The ruling Zin race is able to leap thirty feet straight up and sometimes come squat down on an unwary human and are as ruthless as ruthless can be and I loved it. Their religion, which causes them to conquer Earth in order to build their temples, has more fables and falsehoods than Scientology. (Knock! Knock! Who's that at my door but Cruise, Smith, Travolta and Phoenix, Arizona's own 'Wonderful Russ'?)

'White Separatists', American-Blacks segregated out by the bugs for the higher slave positions, professional ex-soldier bodyguards for the Black human 'president', 'Survialists', a love triangle, and hidden unrest among their fellow-cockroaches-made-slaves, all add to the suspense, turmoil and action of Deathday.

The title of 'Deathday' refers to another unique and interesting concept author Dietz dreamed up concerning the life-cycle of our alien-invaders.

Some of the metaphors are silly. One being that, since the Zins have pincers and not hands, several times an idea is rejected "... out of pincer." Har! Get it, ha, ha, ha, not.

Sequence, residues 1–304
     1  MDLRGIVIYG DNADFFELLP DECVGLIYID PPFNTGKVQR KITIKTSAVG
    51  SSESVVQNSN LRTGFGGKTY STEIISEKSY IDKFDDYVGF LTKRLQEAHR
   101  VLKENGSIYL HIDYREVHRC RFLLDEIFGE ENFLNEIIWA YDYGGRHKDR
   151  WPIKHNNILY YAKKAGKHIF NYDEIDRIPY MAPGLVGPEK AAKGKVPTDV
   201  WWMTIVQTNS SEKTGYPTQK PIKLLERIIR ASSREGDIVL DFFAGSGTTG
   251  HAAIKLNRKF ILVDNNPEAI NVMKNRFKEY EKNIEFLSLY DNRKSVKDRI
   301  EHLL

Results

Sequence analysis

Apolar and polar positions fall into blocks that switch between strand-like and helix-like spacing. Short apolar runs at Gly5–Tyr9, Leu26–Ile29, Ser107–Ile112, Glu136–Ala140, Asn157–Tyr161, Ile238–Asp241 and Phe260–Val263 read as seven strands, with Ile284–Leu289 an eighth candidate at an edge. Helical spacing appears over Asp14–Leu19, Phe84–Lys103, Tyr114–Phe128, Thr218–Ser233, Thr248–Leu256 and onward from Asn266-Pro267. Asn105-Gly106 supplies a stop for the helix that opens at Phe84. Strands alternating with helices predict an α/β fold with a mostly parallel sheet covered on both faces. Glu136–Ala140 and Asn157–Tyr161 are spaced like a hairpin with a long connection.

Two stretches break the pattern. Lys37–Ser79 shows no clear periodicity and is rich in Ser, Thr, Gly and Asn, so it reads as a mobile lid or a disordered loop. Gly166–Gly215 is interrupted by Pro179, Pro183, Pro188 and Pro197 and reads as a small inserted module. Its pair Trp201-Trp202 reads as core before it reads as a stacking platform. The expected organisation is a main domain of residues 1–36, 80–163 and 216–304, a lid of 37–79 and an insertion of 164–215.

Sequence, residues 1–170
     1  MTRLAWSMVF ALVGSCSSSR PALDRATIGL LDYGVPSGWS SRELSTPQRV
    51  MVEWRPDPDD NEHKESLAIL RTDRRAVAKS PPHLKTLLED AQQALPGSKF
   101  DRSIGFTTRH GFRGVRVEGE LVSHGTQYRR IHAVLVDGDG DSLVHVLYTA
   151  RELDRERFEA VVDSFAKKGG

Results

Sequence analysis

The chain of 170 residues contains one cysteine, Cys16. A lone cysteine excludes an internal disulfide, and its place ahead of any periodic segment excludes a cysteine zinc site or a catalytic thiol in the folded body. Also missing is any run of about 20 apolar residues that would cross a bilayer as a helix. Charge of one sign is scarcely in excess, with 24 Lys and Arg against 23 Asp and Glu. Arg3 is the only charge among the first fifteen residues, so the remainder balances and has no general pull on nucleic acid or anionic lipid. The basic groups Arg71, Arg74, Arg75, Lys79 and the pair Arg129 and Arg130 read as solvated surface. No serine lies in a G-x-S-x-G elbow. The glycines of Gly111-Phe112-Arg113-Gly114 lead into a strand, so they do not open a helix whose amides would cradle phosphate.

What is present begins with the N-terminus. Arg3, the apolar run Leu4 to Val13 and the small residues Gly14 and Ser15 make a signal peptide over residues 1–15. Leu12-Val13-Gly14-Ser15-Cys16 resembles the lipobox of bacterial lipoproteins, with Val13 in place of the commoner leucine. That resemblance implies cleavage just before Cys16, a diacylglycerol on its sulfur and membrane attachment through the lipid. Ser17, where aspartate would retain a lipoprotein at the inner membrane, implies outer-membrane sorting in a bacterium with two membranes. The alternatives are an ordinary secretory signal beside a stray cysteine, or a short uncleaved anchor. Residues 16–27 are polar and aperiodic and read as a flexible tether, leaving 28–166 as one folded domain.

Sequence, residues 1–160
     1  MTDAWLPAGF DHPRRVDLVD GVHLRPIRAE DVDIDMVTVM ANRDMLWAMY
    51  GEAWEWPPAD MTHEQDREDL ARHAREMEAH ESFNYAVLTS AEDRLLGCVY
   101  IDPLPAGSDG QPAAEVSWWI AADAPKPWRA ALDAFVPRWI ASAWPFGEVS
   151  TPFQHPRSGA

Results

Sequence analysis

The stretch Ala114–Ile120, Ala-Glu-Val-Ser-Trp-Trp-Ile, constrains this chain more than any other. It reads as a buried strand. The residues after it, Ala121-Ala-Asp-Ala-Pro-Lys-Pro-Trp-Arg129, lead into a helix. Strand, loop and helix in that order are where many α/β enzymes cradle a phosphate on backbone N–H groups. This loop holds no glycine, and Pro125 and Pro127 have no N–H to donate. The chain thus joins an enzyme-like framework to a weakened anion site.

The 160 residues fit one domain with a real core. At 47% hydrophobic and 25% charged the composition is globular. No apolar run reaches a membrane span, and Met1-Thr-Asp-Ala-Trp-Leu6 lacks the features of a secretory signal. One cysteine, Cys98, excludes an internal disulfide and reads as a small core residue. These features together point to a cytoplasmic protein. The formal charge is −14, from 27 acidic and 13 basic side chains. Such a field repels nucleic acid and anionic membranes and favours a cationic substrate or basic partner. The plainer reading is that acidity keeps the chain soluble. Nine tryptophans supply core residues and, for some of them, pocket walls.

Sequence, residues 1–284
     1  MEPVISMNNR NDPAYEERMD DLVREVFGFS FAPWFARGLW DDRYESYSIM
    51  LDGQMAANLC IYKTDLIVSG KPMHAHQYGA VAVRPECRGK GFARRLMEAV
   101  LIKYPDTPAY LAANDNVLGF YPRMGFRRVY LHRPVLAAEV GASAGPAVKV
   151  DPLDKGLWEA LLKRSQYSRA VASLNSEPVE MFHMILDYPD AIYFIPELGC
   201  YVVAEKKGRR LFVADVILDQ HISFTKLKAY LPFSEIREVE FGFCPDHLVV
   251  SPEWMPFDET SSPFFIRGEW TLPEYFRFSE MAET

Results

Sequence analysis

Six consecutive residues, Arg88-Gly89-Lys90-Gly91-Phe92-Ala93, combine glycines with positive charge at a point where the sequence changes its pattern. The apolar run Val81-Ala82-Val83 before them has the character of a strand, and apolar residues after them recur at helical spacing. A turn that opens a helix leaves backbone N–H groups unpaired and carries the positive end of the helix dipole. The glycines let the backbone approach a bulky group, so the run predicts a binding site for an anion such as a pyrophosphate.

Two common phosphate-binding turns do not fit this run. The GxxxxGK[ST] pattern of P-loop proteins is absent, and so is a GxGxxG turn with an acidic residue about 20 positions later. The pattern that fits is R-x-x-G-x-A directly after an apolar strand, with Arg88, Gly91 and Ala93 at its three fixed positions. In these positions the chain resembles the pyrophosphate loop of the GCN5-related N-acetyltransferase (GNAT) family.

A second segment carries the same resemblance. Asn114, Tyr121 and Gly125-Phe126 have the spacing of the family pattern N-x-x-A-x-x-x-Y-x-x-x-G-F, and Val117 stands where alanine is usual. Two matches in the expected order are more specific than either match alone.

I found more than one odd metaphor along the lines of, "... as the Suburban's huge mud and snow tires whispered down the street ..." I've heard mud and snow tires, but I've never heard them whispering down any of my streets. He also lards his sentences with so many adjectives that rather than drawing the reader deeper into the scene, he is distracted by having to chew up and then spit out so many unneeded descriptors.

Deathday is a good 'Mankind versus the Aliens' book. And if you don't mind reading several books to get to the conclusion, it'd be a fun series to read. However, I continue to be upset by being tricked into buying a book that does not end when I have a good-sized unread library of books that do  have endings and are waiting to be read.

reviewed: November 25, 2007
Begun:11/04/2007   Finished:11/23/2007 Purchased: Unknown
B&N Net Rank: NA